OK, be honest, when you think of places to get body art, the last name one might expect is Good Life Tattoos & Piercings in Highland Square. An habitué of such places might even think twice.
But Good Life co-owner Jeremiah Currier says when he and business partner and tattoo artist, Jesse Strother, were coming up with a name (formerly Akron Ink), they wanted to create one that was “inviting, positive … that all you have to do is add tattoos and piercings at the end of it and know what we are.”
Some back story: Strother has the name tattooed on his knuckles. Readers likely would acknowledge inked bodies and piercings have become far more mainstream. Tattoos aren’t just for the bad boy straddling a Hog without wearing a helmet while ripping down I-77, nor are piercings only adorning those crazed killers chasing bad-acting teenagers in direct-to-DVD movies.
Far from it.
And contrary to what some may think about the cleanliness of such places, Good Life, voted Fox Akron/Canton City-Voter’s best Tattoo & Piercing shop in 2008/2009, and Beacon’s Best in 2010, must meet stringent health codes, with regular checks by the Akron Health Department.
Currier recalls a former Good Life health inspector training a newbie, who was told, “I brought you here first so you know what other shops should look like.”
Growing up in Cuyahoga Falls and Akron, Currier has been a professional body piercer for about 11 years. Before, he worked for the Falls’ building and ground maintenance department.
Currier’s frame is abundant with tattoos, about 40 to 50 he guesses, receiving his first at 18 years old on the inside of his lip. Interestingly, he concedes: “I don’t do tattoos. Friends told me I’m pretty terrible at it.”
He has, however, inked a few friends who have lost bets, one of whom is a “buddy who has my initials and a heart tattooed on his ankle.”
Currier has two nostril piercings neatly aligned that look like two tiny amber beads. He let his other piercings go because he didn’t want the maintenance. With clients from Cleveland, Columbus, Buffalo, Indiana and West Virginia, Currier affords them the same professionalism and industry knowledge he expects from artists who’ve worked on him.
While he says there are no “set requirements or standards for tattoo/piercing training … legally you can open a shop and the first customer who walks through the door can be the first tattoo you’ve ever done,” he has done apprenticeships with other seasoned artists as has his staff.
And he follows the Association of Professional Piercers (APP), which sets industry guidelines, offers ongoing education such as oral anatomy and sterilizing techniques (www.safepiercing.org) and promotes “insanely clean practices.”
Pricing minimum for tattoos is $50, body piercings, $40 plus cost of jewelry, and ear piercings $35. And whether a walk-in or appointment, a consultation is given regardless of the complexity of the tattoo or piercing.
Some tattoo clients may get caught up in wanting a too-perfect tattoo, which negates the art of tattooing — the artists’ talent — or who want a problematic piercing.
“Those women are not traced out of a magazine,” says Currier, pointing to a wall selection of female-themed designs. “Their body parts are a little off, not quite where they should be. But who cares?”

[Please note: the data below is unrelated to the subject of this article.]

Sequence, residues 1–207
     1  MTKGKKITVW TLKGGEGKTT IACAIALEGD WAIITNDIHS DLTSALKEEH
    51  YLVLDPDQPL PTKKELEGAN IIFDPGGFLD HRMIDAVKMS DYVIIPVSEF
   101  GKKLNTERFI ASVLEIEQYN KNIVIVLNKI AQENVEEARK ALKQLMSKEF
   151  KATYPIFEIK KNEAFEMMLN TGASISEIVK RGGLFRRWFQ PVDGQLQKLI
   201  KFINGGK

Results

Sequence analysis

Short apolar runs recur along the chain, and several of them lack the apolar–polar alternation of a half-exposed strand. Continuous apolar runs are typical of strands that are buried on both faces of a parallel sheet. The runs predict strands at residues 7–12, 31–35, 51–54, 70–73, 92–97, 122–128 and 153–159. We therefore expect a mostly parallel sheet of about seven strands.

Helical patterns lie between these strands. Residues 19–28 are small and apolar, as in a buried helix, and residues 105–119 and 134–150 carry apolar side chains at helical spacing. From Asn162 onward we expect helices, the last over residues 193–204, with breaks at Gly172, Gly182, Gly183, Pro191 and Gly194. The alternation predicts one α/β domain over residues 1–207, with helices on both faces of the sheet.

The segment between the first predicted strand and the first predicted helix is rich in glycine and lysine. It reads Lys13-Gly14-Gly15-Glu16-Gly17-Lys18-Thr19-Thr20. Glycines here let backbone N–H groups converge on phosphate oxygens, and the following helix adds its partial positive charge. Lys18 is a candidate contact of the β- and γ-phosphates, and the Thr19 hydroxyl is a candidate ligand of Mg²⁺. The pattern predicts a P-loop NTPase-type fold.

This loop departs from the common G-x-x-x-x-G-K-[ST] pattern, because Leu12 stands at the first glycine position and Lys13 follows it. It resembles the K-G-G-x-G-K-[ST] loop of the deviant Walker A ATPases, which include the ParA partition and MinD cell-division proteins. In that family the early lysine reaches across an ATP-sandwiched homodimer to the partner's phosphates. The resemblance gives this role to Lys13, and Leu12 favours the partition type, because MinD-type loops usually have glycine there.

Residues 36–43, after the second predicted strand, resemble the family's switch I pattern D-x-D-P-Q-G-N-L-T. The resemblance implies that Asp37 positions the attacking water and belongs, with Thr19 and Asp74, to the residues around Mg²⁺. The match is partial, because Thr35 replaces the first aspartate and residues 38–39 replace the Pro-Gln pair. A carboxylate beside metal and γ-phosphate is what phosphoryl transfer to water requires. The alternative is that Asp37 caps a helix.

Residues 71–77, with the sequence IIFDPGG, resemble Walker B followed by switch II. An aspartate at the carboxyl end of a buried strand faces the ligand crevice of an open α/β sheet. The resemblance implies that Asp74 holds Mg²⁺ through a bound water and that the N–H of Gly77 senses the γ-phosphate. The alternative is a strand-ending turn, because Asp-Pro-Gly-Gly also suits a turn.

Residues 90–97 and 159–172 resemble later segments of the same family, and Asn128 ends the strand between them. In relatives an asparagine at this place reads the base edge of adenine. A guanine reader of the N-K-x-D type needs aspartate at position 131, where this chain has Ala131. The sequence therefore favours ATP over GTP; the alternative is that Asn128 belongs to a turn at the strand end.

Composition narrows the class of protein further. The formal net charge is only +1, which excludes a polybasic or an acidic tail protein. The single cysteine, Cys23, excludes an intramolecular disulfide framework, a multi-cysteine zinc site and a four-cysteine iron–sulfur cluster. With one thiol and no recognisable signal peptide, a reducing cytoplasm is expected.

And for those more-than-free spirits who let the artists wing it with a tattoo and trust their talent, Currier describes them as the “best customers,” who typically come back.
Others chase a current piercing fad that’s unlikely to heal and can cause scarring, which, Currier says, he won’t do, such as a back piercing or one right above the buttocks, a request typically from women “who happen to be strippers.”
Piercing may conjure up images of things bloody but most piercings necessarily don’t bleed much, save for ear and genital, “which tend to bleed a little more,” he says.
Yes, Currier on occasion gives ear piercings. But clients have to be at least seven years old. He used to pierce younger ears, but he’s encountered pushy parents who guilt trip their kids who weren’t thrilled with the initial piercing.
“I felt terrible. It’s like you just told your kid people are going to make fun of them because they only have one piercing.” Currier recalls.
A script tattoo is a “foot in the door” for many first-timers, Currier says. But he knows a woman who has 200-300 lines of script on her back, like a “page out of a book.”
The minimum age for tattoo clients is 16 and for piercing, 14, except for genital piercing, where one must be 18. Piercing is done in a private room, and Currier keeps it pristine with gleaming table tops, furnishings and autoclaved instruments hermetically sealed in tidy drawers.
His piercing jewelry is the “exact same kind of metal that would be in someone’s knee replacement or pacemaker … implant grade stainless and titanium,” he says.
And while other piercers may use jewelry with exterior threading, Currier says his is threaded internally. For example, a barbell would have the threading inside one of the balls so the bar itself could slip through the piercing with far less irritation (unlike with an exterior threaded bar) and then attached to the ball.
With the economy slowly making a comeback, some say, body art may seem extravagant. But Currier offers his take.
“It’s the kind of business that’s pretty well protected even in a financial downturn; people still need to do stuff to make themselves feel better,” Currier says. “Women still get their nails done, and people will always want to decorate themselves. Tattooing and piercing are like that, too.”
Good Life is located at 752 W. Market Street. Hours: Monday – Thursday, Noon – 9 p.m. Friday – Saturday, Noon – 11 p.m. and Sunday, noon to 5 p.m. Visit www.goodlifetattoo.com or call (330) 374-0100.